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Deterring Non-State Actors (Davis)

Deterring Non-State Actors (Davis)

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Published by Ian Davis
Essay on deterring non-state actors.
Essay on deterring non-state actors.

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Published by: Ian Davis on Dec 19, 2010
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05/06/2015

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 NAVALPOSTGRADUATESCHOOL
MONTEREY, CALIFORNIA
Deterring Non-state Actors:A Multi-dimensional StrategySO3882- Deterrence, Coercion, and Crisis ManagementProfessor Leo BlankenSeptember 21,2009 byMAJ Ian S. Davis
 
Deterring Non-state Actors 2Davis-2Deterring Non-state Actors: A Multi-dimensional StrategyThe 2009 National Intelligence Strategy
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noted that the international security landscape israpidly changing, complex environment comprised of nation-states (states), non-state actors(NSAs), and transnational forces (TNFs). The first mission objective in the strategy is to combatviolent extremism. To do that, U.S. national security policy must be a comprehensive plan toaddress any security threat, regardless of its sponsor. In order to be effective, the policy must be part of a multi-dimensional strategy. Before the rise of terrorism by violent extremist, statesused a variety of strategies that drove negotiation aimed at promoting parsimony and deterringwar. Although deterring violent extremists appears to be a complex problem, traditional state tostate deterrence theories are still applicable and can be adapted deter NSAs and TNFs. For the purpose of this essay TNFs will be included a NSA. NSAs that espouse violent extremism can be deterred by denying their capacity to conduct operations. To deny their capacity to conductoperations, states must influence a NSA¶s freedom of movement, support and legitimacy. Thefactors are part of a cyclical in interdependent relationship. Although they are presented in asequential manner, the effects of one hinges on the effects of the others. To support theargument, this essay will use the following structure. First, we will explore deterrence theoryand how it applies to deterring NSAs. Next, we will show how to influence freedom of movement, support, and legitimacy to deny NSA operational capability. Finally, we will reviewconcepts for denying operational capacity that were presented in the essay and recommended policy to deter NSAs that espouse violent extremism.
 Deterrence Theory
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2009 Intelligence Strategy available at www.dni.gov
 
Deterring Non-state Actors 3Davis-3Cold War deterrence theories, such as Brody¶s (1959)
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writing¶s on the fear of nuclear annihilation and Kahn¶s (1965)
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escalation ladder of scaled response, were pivotal for shapingconcepts for deterrence and coercion. The same concepts of rationality and expected utility thatare used for state-state relations can be used for state-NSA relations. Jervis (1989),
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found thatalthough Rational Deterrence Theory (RDT) shows actors will attempt to maximize their expected utility, but RDT did not show how actors will behave. He further found that rationalactors will seek conflict if it would yield benefits or prevent a loss in the actor¶s current statusquo. Fearon¶s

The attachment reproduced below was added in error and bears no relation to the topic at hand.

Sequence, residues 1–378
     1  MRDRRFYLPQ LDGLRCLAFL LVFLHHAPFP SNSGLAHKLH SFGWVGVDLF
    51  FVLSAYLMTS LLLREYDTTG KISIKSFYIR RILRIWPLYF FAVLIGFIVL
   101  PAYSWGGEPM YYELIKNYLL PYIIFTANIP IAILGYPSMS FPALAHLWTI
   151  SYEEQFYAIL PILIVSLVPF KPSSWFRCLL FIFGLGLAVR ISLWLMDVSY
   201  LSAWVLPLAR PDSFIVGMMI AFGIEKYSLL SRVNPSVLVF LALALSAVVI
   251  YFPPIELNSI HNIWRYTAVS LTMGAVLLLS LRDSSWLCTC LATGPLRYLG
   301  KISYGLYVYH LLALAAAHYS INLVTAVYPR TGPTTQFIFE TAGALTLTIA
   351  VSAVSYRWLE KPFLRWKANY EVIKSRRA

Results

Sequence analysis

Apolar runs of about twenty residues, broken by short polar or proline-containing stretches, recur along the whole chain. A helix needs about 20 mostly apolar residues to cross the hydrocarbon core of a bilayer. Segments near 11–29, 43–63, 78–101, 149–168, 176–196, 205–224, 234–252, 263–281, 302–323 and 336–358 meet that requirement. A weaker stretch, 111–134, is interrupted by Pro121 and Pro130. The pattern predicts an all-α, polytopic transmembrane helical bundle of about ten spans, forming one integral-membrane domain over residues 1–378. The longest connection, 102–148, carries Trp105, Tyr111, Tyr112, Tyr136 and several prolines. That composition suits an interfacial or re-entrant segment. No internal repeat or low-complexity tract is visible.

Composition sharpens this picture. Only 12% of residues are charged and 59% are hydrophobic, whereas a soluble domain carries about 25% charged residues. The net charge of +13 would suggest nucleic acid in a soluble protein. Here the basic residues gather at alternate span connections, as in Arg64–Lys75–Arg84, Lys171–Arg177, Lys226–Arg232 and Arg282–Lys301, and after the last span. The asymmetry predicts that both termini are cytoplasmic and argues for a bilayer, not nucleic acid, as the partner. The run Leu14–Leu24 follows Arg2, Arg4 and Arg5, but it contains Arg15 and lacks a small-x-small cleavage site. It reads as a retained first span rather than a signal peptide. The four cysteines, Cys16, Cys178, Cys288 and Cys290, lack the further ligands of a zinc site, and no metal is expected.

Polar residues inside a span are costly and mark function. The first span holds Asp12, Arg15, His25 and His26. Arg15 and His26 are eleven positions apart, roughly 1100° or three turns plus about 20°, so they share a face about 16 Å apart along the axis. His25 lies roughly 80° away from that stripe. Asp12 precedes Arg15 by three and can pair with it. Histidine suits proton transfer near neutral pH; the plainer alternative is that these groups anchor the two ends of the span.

Ra
tion
al 
ist Exp
la
n
a
tions for W 
a
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used RDT to show how leaders decide to go towar by weighing the
ex
a
nte
(pre-war) and
ex post 
(after war) costs and how they apply in a bargaining model. If a threat is not credible, then it will not affect the target¶s decision cycle.For a threat to be credible, it must be back by capacity and will to execute the threat should thetarget decide to not comply with the threat. Based on the credibility of the threat, actorscalculate their expected utility of compliance or dissention and act accordingly. Rationality andexpected utility are relative to the actor¶s point of view, culture, and norms. The loss of lives,territories, and relative power in the international community generally drives the rationally of states. Although terrorist acts, especially suicidal terrorist acts perpetrated by NSAs, may appear to be irrational, they are actually the outcome of a rational thought process of the NSA based onideology, values, norms, and to achieve particular goals. Pape
6
showed that terrorist actsfollowed a strategy based on their timing, goals, and target selection. Although states and NSAs
2
Bernard Brodie, "The Anatomy of Deterrence,"
Wor 
ld 
Po
itics
11, no. 2 (Jan., 1959), 173-191,http://www.jstor.org/stable/2009527.
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Herman Kahn,
On Esc
ala
tion: Met 
a
 phors
a
n
Scen
a
rios
(New York: Praeger, 1965), 308.
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Robert Jervis, "Rational Deterrence: Theory and Evidence,"
Wor 
ld 
Po
itics
41, no. 2 (Jan., 1989), 183-207,http://www.jstor.org/stable/2010407(accessed AUgust 4, 2009).
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James D. Fearon, "Rationalist Explanations for War,"
 Intern
a
tion
al 
Org 
a
niz
a
tion
49, no. 3 (Summer, 1995), 379-414,http://www.jstor.org/stable/2706903(accessed August 4, 2009).
6
Robert J. Art and Kenneth Neal Waltz,
The use of Force : Mi
it 
a
ry Power 
a
n
Intern
a
tion
al 
Po
itics
, 7th ed.(Lanham, Md: Rowman & Littlefield Publishers, 2009).

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